The Great “Golden Girls” Marathon: “The Operation” (S1, Ep. 18)

In today’s installment of “The Great Golden Girls Marathon,” we get to see both a moment of vulnerability from Dorothy and a truly spectacular dance scene between Dorothy and Rose. When Dorothy accidentally injures herself during a tap dance, she is forced to contend with her fear of hospitals and of surgery, while the other two must decide how they are going to perform without her (they eventually dub themselves “The Two Merry Widows”).

It’s rather nice to see Dorothy manifest something other than the sort of steely strength that is normally her way of being in the world. She is clearly quite frightened about the fact that she has to go through a fairly major surgery (and who wouldn’t  be scared, when even the doctors blurt out the truth that they can’t really guarantee that something won’t go amiss). While the whole scene in which the doctors act like complete idiots is played for laughs, it has just the slightest bit of edge to it, and that gives Dorothy’s determination to see the surgery through–but only after briefly escaping from the hospital.

Yet the episode also takes pains to show that, to a degree at least, she’s being just a bit ridiculous about the whole thing. When she meets her roommate, Bonnie, played by the inimitable Anne Haney, famous for her roles in both Mrs. Doubtfire and Mama’s Family), she realizes that her own crisis is rather small potatoes compared to Bonnie’s survival of breast cancer. While the particularities of women’s health issues wouldn’t really take full shape and get full treatment until later seasons, the fact that it is brought up in this early episode indicates how deeply this concern runs in the show’s ethos.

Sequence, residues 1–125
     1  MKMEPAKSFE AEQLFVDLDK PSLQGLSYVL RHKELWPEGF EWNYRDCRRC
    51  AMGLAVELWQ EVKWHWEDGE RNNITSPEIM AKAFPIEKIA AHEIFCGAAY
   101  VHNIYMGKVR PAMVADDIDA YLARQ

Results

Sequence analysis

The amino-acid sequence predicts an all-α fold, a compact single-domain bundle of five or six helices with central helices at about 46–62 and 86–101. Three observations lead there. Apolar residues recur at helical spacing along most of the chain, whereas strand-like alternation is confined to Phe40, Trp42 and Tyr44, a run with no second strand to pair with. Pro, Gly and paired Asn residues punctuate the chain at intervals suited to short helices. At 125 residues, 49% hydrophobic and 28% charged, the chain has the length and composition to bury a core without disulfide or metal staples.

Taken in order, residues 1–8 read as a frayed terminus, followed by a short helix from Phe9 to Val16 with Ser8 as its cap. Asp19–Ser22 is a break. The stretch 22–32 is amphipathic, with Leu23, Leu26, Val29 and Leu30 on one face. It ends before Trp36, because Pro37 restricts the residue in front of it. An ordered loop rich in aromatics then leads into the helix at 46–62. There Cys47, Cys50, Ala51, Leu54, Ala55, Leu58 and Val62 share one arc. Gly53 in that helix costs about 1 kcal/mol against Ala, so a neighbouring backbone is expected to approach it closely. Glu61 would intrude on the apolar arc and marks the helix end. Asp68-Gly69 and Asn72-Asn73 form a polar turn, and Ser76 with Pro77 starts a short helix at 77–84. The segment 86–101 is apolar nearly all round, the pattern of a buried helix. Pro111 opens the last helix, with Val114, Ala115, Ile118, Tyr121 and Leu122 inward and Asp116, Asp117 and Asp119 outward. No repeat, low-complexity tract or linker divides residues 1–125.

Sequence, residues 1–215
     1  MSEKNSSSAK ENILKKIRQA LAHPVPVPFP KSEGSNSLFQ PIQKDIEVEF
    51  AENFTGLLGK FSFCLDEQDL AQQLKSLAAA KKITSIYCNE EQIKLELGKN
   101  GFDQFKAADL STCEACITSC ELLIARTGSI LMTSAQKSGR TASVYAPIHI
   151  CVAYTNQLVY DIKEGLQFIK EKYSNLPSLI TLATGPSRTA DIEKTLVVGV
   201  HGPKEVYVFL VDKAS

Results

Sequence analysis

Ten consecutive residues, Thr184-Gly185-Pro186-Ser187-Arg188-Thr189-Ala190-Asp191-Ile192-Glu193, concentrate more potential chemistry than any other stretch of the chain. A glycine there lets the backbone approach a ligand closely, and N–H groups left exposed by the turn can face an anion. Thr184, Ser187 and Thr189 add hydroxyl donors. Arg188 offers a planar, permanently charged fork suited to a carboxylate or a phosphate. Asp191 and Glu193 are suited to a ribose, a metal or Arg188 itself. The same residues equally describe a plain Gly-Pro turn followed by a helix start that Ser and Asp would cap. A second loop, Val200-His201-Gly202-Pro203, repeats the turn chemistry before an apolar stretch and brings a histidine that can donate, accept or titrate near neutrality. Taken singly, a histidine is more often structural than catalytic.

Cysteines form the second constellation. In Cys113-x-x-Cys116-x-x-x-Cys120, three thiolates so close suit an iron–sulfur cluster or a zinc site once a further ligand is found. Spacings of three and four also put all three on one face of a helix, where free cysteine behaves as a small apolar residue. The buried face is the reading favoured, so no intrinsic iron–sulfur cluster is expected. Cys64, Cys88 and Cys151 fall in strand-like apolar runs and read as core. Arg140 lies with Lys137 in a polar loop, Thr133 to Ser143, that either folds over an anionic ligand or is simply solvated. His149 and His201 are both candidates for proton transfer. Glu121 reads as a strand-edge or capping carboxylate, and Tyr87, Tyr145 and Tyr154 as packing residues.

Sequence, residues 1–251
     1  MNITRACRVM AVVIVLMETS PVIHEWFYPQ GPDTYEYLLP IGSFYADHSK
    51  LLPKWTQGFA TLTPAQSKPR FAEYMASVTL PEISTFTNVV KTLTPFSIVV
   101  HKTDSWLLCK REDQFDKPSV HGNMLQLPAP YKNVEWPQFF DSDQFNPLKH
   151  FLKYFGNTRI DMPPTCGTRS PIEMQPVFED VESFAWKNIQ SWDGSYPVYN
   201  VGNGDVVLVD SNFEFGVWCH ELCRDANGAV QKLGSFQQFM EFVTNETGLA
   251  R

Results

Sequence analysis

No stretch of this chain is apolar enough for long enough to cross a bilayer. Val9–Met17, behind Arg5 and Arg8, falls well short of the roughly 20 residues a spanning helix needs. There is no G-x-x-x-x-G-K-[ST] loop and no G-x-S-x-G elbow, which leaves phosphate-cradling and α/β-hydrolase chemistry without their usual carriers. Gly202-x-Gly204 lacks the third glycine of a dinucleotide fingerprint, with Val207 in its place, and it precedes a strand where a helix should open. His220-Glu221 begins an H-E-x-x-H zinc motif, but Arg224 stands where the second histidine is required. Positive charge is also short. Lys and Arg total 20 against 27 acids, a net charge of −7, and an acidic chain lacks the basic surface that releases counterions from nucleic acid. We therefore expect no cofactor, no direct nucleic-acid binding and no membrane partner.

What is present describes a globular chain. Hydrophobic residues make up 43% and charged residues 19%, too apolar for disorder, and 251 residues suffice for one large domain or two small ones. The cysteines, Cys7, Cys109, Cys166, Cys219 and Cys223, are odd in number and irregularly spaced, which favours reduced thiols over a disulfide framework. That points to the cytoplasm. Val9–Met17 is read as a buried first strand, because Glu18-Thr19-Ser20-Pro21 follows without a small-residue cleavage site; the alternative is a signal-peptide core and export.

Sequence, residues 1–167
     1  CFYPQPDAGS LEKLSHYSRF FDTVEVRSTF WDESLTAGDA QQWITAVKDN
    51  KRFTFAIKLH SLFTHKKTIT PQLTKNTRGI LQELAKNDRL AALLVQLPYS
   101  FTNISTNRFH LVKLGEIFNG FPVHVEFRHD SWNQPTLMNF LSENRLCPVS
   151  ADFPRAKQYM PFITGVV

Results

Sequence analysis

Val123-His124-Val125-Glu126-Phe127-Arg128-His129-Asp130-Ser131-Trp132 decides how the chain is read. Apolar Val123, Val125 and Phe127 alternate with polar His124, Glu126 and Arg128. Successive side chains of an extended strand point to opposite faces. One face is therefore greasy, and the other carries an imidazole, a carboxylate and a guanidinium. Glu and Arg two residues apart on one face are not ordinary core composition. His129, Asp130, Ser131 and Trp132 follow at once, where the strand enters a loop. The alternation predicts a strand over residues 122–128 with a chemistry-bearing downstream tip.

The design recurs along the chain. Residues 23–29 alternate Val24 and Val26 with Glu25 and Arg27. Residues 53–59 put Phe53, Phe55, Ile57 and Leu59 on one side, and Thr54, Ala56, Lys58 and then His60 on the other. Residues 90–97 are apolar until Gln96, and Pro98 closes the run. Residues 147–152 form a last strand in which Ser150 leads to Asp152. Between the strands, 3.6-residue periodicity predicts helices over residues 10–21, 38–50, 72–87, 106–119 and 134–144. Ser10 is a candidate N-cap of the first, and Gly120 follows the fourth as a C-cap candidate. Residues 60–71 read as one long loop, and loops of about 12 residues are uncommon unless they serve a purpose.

The highlight of the episode, in my opinion, is the spectacular tap-dancing scene between Rose and Blanche. There is something uniquely pleasurable in general about seeing the human body engaged in the beauty of the dance, and it becomes even more so when it is two characters that we have already begun to love. Rue and Betty seem to have a particular bond with one another that exists in that pleasurably intimate space between intense friendship and romantic desire, and this is frequently expressed in their ability to be physically intimate with one another.

Of course, it’s worth pointing out that the strongest bonds (particularly physical) exist in distinct pairs:  Dorothy/Blanche; Dorothy/Sophia; Blanche/Rose. I am not exactly sure what to make of this as of yet, though I suspect part of it has to do with the rather vexed relationship that existed between Bea and Betty when they weren’t in character. There’s no denying that there is powerful affection between all of the women, but there’s also truth to the observation that it’s definitely stronger between some of them than others.

In the next installment, Blanche meets yet another man who wants to make her a permanent part of his life, while Dorothy and Rose attempt to take on that most gargantuan of household tasks:  the installation of a toilet.

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